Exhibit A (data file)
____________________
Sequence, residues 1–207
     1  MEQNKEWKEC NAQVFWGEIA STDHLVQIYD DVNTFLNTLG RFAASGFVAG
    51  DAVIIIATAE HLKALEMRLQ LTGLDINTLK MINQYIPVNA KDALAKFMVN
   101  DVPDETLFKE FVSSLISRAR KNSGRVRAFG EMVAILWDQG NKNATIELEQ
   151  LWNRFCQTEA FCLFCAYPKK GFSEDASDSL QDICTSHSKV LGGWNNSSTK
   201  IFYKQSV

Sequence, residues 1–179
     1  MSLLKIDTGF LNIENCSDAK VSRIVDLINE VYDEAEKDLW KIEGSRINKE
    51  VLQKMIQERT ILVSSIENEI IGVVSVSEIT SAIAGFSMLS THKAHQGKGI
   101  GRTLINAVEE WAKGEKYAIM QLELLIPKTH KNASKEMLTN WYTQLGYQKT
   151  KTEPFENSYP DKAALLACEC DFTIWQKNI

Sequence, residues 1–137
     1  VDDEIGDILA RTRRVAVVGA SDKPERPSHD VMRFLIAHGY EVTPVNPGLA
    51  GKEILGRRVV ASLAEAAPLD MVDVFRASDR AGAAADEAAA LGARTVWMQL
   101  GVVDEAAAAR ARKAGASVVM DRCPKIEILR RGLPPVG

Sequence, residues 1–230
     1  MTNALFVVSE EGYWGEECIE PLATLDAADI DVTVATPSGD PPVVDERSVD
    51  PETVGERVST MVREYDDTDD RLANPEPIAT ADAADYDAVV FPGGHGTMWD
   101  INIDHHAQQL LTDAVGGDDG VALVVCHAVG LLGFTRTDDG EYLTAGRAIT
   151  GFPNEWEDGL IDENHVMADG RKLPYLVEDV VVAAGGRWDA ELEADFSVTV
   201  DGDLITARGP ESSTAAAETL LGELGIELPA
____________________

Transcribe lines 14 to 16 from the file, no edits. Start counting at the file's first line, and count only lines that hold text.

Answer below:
    51  GKEILGRRVV ASLAEAAPLD MVDVFRASDR AGAAADEAAA LGARTVWMQL
   101  GVVDEAAAAR ARKAGASVVM DRCPKIEILR RGLPPVG

Sequence, residues 1–230